As we celebrate Father’s Day, memories of my dad come to mind. He was born in North Carolina in 1909. During his growing-up years, his family moved many different times as his dad worked on the railroad.
When he was 14, he got a job as a telegraph delivery boy. He rode his bike to take messages to families waiting to hear from their loved ones.
He would tell us about one street he often delivered to where a dog often chased him. After he used a rolled-up newspaper to swat at him one time, the dog would sit on the porch and just watch him go by.
After his job of delivering telegrams, he became a telegraph operator with Western Union. It was while he was doing this job that he felt the call into the ministry. Going to Bible college seemed the right thing to do, but he felt he was making pretty good money where he was so he hesitated for a year before going.
The first Christmas he was away from home in Bible school he told us he only had a dime in his pocket, but he reported that he was happy and content knowing he was in the right place.
He stayed in school for seven years in order to complete all of his high school and college work. During these seven years, he had a girlfriend back home who waited patiently for him to finish. They were married in 1935 and he began pastoring full time.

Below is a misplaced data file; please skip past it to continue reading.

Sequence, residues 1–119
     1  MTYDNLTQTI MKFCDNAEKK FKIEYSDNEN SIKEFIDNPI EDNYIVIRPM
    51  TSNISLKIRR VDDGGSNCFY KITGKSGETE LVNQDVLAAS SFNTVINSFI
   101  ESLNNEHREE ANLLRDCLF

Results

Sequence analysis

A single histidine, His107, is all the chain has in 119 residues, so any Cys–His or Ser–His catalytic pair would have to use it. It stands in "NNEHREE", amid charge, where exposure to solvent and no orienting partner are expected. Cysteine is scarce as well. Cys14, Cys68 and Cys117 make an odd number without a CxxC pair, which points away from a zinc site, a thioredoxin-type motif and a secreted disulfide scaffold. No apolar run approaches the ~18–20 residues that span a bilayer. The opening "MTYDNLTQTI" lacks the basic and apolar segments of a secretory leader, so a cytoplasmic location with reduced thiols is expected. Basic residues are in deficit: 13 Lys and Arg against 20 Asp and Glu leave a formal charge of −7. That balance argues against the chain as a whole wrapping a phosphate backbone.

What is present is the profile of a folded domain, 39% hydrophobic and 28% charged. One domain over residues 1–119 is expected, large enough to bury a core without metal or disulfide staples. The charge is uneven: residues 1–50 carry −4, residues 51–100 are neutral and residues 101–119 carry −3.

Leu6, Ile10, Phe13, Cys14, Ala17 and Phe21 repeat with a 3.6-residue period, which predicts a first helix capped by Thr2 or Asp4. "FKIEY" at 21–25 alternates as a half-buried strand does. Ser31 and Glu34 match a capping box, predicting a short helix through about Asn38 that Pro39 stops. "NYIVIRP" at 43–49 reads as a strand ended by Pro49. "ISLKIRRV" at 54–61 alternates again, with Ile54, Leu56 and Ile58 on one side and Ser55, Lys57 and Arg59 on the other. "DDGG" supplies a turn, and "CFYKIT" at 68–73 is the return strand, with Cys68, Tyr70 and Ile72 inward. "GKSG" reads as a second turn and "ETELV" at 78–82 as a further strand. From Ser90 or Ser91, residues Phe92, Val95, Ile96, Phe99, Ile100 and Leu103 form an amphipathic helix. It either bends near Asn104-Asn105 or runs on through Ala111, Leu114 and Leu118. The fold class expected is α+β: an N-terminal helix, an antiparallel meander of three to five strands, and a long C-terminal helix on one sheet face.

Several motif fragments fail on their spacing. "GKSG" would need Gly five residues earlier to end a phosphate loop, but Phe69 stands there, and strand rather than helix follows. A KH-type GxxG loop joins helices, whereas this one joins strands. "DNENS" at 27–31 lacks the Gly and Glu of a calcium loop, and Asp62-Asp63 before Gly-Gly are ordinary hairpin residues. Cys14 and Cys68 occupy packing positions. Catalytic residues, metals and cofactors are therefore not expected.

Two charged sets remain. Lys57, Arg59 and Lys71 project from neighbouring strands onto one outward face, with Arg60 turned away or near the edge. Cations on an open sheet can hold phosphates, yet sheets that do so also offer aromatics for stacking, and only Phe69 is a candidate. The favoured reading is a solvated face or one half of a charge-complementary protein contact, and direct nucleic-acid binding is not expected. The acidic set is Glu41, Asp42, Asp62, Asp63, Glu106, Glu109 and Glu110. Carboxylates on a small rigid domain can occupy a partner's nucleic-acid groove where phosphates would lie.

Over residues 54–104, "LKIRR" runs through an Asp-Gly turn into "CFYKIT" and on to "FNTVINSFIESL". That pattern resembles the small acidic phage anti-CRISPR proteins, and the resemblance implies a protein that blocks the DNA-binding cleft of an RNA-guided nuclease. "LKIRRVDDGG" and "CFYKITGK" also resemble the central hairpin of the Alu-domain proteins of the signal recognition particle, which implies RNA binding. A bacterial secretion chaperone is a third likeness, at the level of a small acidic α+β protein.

Music was an important part of his life. He played cornet in the orchestra at the Bible college he attended.
Besides loving beautiful sacred church music, he loved John Phillip Sousa marches. He was able to attend one of his concerts while he was in Bible college.
During his summer breaks from school he helped his dad teach church music schools using shaped notes. This love and appreciation of music and ministry was carried on to his children and grandchildren. Three of his grandsons are in full-time ministry.
My dad was also a handyman. He loved to do woodworking. He could often be found in his workshop wearing his coveralls over his shirt and tie. He wanted to be ready in case he got a call to visit someone in the hospital, and he could easily slip out of the coveralls and go visit one of his church members.
Another skill he had was hanging wallpaper. Since our family lived in parsonages, this skill came in handy. We would move into a parsonage that didn’t look so good, and in a short amount of time he would put up new wallpaper.
One of the most important things my dad taught me was the importance of paying tithes and saving for a rainy day. After his death, there was enough saved for my mom’s care in an assisted living facility and later a nursing home for several years.
Being on time was very important to my dad. He thought things should always start on time and end in a timely fashion. If you asked him what time it was, he would say 1:02 or 12:34 — always the exact time. I think it is ironic that he died on 12/12 at 12:00.
My dad was a pastor all his life. He loved people and cared for them. He always put his calling first and presented himself with dignity and reverence. He was a good and faithful husband, father and pastor.
Bonnie Simmerman of Jonesborough is a retired school teacher.